More Australians will be eligible for COVID-19 antiviral drugs from Monday in an attempt to reduce the number of people in hospital.
- Known as Lagevrio and Paxlovid, the drugs cost $6.80 for a concession card holder and around $40 for others
- The health minister says anyone interested in the treatment should speak to their GP
- Treatment needs to begin as soon as possible after symptoms appear
About 4,000 people are receiving medical care for the virus across the country, with health authorities concerned the cases will continue to rise in the weeks ahead.
Under the current rules, the drugs are restricted to Australians who are 65 years or older with particular risk factors such as obesity, diabetes, chronic respiratory conditions, not being fully vaccinated, or living in a remote area with limited access to health care.
Aboriginal or Torres Strait Islander people aged 50 years or older who have two risk factors, and younger people who are severely immunocompromised also have access to the medication.
However, the Pharmaceutical Benefits Advisory Committee (PBAC), which recommends which drugs should be listed on the Pharmaceutical Benefits Scheme, have suggested changes to the eligibility criteria due to additional evidence around the effectiveness and safety of the medicines, as well as the changing epidemiology of COVID-19.
It comes just days after Australia’s vaccine advisory body changed the rules around booster doses so that anyone aged over 30 can get a fourth dose of the COVID-19 vaccine from Monday.
Who can access antivirals from Monday?
Any Australian who tests positive to COVID-19 and is over the age of 70 will be able to access antivirals on the PBS from Monday.
Known as Lagevrio and Paxlovid, the drugs cost about $1,000 but because they are on the Pharmaceutical Benefits Scheme (PBS) they are reduced to $6.80 for a concession card holder and around $40 for others.
A script can be written by GPs.
People aged over 50 with at least two risk factors that could lead to severe disease, as well as Aboriginal or Torres Strait Islander people aged 30 and older with at least two risk factors will also be eligible.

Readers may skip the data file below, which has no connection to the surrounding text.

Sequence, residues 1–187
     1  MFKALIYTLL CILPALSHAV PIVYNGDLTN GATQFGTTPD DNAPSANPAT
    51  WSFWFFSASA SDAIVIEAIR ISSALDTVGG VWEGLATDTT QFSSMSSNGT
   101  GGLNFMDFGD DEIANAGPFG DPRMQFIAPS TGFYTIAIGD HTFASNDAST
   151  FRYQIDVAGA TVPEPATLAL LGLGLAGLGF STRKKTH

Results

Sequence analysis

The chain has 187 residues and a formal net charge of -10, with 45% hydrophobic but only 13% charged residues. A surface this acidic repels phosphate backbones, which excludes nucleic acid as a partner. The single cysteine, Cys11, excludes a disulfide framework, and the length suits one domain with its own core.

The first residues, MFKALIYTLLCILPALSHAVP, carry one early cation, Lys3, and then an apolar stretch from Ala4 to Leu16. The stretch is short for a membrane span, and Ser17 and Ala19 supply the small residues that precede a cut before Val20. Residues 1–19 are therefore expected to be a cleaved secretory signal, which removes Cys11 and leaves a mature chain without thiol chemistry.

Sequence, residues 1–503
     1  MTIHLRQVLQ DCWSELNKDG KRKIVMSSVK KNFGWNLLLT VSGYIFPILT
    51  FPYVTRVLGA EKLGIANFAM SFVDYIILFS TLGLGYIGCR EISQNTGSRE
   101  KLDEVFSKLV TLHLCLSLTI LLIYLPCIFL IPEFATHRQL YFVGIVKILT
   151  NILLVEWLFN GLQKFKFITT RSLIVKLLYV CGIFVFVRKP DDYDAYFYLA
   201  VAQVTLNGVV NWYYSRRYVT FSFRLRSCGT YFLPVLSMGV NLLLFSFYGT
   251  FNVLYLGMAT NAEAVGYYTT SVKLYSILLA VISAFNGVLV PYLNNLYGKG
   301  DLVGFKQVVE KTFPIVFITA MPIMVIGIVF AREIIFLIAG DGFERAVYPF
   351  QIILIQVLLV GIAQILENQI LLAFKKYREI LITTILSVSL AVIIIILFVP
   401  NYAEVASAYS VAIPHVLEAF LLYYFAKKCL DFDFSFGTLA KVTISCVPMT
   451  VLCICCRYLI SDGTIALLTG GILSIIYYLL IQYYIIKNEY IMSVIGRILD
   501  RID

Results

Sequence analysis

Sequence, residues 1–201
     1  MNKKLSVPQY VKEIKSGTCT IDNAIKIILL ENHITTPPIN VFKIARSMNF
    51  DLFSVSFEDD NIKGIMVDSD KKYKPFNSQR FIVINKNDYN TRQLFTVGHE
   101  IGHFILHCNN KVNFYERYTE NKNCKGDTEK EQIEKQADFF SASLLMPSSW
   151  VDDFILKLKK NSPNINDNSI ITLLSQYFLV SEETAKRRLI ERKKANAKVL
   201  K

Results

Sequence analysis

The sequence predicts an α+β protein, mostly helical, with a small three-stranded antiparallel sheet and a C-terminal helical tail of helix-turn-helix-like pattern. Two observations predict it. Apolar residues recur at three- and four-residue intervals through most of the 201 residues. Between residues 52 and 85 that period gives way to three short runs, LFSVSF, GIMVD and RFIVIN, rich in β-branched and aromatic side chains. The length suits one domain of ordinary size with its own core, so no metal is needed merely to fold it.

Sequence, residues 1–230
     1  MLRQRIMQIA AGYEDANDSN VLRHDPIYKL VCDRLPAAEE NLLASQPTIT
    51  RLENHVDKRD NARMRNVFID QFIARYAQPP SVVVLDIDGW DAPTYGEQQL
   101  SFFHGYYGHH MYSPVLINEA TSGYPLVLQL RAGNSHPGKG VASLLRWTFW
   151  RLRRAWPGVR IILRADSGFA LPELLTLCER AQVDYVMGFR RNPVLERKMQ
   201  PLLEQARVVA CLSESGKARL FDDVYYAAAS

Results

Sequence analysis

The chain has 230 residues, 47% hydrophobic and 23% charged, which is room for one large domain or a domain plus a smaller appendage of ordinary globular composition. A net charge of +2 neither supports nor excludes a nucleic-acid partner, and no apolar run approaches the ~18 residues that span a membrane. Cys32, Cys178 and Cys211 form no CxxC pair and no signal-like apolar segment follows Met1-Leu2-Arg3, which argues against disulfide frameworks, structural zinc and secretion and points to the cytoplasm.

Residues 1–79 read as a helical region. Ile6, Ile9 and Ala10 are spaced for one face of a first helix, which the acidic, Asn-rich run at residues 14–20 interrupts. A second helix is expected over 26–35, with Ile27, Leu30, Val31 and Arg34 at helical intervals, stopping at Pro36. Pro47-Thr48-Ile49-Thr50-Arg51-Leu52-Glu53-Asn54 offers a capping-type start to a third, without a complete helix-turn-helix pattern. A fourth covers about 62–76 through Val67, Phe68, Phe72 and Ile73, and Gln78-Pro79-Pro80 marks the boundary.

A broader range of chronic respiratory conditions have been added to the risk factors list.
They include moderate or severe asthma, coronary artery disease, cardiomyopathy, demyelinating conditions and renal impairment.
Risk factors already on the list and that will remain include neurological conditions, such as stroke and dementia, cirrhosis, kidney failure, obesity, diabetes type one or two, and anyone who lives in remote areas and doesn’t have access to higher level healthcare.
Currently people aged 18 and older who are severely immunocompromised or have severe physical or intellectual disabilities requiring residential care, as well as people with cerebral palsy or down syndrome can request antivirals and that remains the same under the changes.
Health Minister Mark Butler said he was hopeful expanding the eligibility would help ease pressure on hospital systems.
“COVID cases and hospitalisation numbers are climbing, particularly with the new variants,” he said.
Who can’t take antivirals?
Australians who are pregnant or breastfeeding should not take antivirals and those with severe kidney or liver disease should avoid Paxlovid.
The medical advice recommends that anyone on birth control should use extra contraception if they are taking antivirals.
Men who use Lagevrio are advised to use contraception while taking the antiviral and for three months after.
For those who can access the medication, treatment needs to begin as soon as possible after a person notices symptoms of COVID-19.
Health Minister Mark Butler said it was important that people kept in contact with their GP.
“People can get antivirals after speaking to a doctor, but they need to act fast,” he said.
“Speak to your GP and make a plan for what you will do if you get COVID, so you can start taking antivirals as soon as possible after your positive result.”
More than 1.3 million courses of antiviral medicines have been purchased by the federal government and more than 73,000 Australians have already used the medication.
Posted , updated